flags are all integers that have exactly one bit set. For example, assume that update_values=0b00001=1
, update_gradients=0b00010=2
, update_JxW_values=0b10000=16
. Then update_values  update_gradients  update_JxW_values = 0b10011 = 19
. In other words, we obtain a number that encodes a binary mask representing all of the operations you want to happen, where each operation corresponds to exactly one bit in the integer that, if equal to one, means that a particular piece should be updated on each cell and, if it is zero, means that we need not compute it. In other words, even though operator
is the bitwise OR operation, what it really represents is I want this AND that AND the other. Such binary masks are quite common in C programming, but maybe not so in higher level languages like C++, but serve the current purpose quite well.For use further down below, we define a shortcut for a value that will be used very frequently. Namely, an abbreviation for the number of degrees of freedom on each cell (since we are in 2D and degrees of freedom are associated with vertices only, this number is four, but we rather want to write the definition of this variable in a way that does not preclude us from later choosing a different finite element that has a different number of degrees of freedom per cell, or work in a different space dimension).
In general, it is a good idea to use a symbolic name instead of hardcoding these numbers even if you know them, since for example, you may want to change the finite element at some time. Changing the element would have to be done in a different function and it is easy to forget to make a corresponding change in another part of the program. It is better to not rely on your own calculations, but instead ask the right object for the information: Here, we ask the finite element to tell us about the number of degrees of freedom per cell and we will get the correct number regardless of the space dimension or polynomial degree we may have chosen elsewhere in the program.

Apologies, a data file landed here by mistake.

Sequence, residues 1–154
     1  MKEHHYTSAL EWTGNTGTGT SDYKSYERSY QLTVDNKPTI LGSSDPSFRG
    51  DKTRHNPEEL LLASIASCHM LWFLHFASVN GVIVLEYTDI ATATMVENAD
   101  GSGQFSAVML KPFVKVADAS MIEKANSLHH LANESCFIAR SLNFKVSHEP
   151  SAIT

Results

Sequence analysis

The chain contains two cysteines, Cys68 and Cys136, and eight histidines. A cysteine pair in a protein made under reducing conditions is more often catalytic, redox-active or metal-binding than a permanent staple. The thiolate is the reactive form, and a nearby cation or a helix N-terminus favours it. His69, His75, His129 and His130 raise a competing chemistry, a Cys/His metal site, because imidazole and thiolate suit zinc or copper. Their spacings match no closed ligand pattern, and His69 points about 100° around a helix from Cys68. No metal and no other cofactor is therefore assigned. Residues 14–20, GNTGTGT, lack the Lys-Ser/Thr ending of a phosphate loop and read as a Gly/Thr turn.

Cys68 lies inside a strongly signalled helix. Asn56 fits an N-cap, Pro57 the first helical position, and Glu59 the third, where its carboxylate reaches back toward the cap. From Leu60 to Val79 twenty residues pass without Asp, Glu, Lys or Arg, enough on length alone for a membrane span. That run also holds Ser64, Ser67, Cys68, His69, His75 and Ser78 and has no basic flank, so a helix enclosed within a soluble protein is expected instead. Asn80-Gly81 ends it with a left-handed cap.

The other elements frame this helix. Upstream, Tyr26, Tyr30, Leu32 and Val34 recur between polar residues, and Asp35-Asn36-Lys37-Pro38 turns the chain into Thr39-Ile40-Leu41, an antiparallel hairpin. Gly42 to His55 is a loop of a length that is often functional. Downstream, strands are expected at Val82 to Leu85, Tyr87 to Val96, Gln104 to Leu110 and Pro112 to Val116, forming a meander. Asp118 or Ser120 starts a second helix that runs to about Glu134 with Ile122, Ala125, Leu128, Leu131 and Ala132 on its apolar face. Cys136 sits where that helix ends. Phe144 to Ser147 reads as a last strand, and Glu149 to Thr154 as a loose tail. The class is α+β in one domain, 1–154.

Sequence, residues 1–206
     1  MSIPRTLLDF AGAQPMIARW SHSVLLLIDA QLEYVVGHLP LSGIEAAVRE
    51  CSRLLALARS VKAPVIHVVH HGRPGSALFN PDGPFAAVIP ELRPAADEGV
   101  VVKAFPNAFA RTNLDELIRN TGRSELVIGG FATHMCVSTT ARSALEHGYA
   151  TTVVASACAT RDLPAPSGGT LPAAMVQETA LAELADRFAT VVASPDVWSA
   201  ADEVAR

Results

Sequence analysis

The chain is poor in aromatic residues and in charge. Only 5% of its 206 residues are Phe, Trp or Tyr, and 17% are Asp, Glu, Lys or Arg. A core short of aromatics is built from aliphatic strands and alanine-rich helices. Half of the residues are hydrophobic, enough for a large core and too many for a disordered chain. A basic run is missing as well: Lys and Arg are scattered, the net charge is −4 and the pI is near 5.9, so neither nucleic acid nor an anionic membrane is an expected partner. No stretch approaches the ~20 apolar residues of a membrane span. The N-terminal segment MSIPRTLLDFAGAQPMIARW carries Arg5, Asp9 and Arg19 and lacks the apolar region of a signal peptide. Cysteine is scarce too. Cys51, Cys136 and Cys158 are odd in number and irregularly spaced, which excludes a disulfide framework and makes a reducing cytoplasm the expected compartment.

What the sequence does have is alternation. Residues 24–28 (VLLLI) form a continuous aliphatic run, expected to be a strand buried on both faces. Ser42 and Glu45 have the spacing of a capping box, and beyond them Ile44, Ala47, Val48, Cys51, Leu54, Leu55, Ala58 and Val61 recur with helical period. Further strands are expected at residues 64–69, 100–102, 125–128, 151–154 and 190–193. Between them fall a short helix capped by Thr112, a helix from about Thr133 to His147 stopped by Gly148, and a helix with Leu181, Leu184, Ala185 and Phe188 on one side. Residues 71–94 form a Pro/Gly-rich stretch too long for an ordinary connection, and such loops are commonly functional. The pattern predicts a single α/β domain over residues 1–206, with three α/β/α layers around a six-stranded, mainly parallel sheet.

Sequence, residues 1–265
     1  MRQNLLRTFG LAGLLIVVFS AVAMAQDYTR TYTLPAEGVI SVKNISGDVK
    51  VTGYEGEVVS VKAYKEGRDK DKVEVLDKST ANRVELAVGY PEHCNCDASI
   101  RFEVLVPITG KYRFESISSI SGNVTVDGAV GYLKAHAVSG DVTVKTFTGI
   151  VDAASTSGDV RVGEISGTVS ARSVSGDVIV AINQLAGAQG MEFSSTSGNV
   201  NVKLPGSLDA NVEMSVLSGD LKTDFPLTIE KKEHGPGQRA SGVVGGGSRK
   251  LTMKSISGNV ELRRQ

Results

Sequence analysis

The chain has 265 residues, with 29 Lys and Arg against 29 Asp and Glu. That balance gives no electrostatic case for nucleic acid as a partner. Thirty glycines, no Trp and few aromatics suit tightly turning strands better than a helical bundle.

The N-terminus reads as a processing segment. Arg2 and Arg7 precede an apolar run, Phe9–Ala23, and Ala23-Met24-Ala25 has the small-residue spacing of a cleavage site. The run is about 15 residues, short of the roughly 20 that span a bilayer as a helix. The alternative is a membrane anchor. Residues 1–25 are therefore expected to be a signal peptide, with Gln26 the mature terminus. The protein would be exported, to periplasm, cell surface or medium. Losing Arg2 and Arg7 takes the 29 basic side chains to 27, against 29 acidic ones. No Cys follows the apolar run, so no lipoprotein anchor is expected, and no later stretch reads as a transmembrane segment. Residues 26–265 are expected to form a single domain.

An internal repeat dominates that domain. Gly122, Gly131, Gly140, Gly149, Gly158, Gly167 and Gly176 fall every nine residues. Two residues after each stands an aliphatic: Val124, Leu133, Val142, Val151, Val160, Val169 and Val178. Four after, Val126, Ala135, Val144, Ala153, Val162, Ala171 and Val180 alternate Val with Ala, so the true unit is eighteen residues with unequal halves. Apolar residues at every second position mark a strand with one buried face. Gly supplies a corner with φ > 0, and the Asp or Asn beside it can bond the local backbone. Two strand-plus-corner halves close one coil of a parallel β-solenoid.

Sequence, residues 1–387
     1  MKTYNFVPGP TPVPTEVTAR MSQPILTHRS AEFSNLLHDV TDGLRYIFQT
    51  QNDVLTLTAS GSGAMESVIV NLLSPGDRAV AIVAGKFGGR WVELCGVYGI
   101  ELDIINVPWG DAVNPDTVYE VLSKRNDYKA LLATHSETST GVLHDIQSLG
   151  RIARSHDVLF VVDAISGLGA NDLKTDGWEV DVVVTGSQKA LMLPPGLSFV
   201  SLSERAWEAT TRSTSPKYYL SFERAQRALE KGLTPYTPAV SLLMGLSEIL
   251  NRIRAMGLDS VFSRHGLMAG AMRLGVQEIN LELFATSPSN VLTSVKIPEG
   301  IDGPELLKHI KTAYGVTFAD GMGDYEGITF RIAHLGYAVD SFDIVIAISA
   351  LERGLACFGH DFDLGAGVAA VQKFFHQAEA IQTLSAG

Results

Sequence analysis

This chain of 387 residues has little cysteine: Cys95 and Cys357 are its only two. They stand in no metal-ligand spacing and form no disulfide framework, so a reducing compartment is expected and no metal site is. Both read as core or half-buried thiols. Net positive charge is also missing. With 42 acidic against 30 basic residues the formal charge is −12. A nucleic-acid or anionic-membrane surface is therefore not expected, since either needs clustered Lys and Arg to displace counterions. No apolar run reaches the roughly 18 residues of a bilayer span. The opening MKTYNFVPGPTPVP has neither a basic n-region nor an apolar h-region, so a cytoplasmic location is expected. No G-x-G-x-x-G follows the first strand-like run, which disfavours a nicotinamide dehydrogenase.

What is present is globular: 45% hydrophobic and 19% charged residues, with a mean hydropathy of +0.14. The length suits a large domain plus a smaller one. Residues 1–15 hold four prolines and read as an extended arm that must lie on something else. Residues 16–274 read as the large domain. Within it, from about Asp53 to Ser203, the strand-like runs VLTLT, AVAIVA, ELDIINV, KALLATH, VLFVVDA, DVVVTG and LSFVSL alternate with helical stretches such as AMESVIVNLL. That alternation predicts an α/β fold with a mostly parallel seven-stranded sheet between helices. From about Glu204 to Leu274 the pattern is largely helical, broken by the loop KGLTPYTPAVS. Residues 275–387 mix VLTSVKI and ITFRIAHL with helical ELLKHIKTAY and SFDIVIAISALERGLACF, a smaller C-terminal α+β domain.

The shortcut here, defined primarily to discuss the basic concept and not because it saves a lot of typing, will then make the following loops a bit more readable. You will see such shortcuts in many places in larger programs, and dofs_per_cell
is one that is more or less the conventional name for this kind of object.
Now, we said that we wanted to assemble the global matrix and vector cellbycell. We could write the results directly into the global matrix, but this is not very efficient since access to the elements of a sparse matrix is slow. Rather, we first compute the contribution of each cell in a small matrix with the degrees of freedom on the present cell, and only transfer them to the global matrix when the computations are finished for this cell. We do the same for the right hand side vector. So let's first allocate these objects (these being local objects, all degrees of freedom are coupling with all others, and we should use a full matrix object rather than a sparse one for the local operations; everything will be transferred to a global sparse matrix later on):
When assembling the contributions of each cell, we do this with the local numbering of the degrees of freedom (i.e. the number running from zero through dofs_per_cell1). However, when we transfer the result into the global matrix, we have to know the global numbers of the degrees of freedom. When we query them, we need a scratch (temporary) array for these numbers (see the discussion at the end of the introduction for the type, types::global_dof_index, used here):
Now for the loop over all cells. We have seen before how this works for a triangulation. A DoFHandler has cell iterators that are exactly analogous to those of a Triangulation, but with extra information about the degrees of freedom for the finite element you're using. Looping over the active cells of a degreeoffreedom handler works the same as for a triangulation.
Note that we declare the type of the cell as const auto &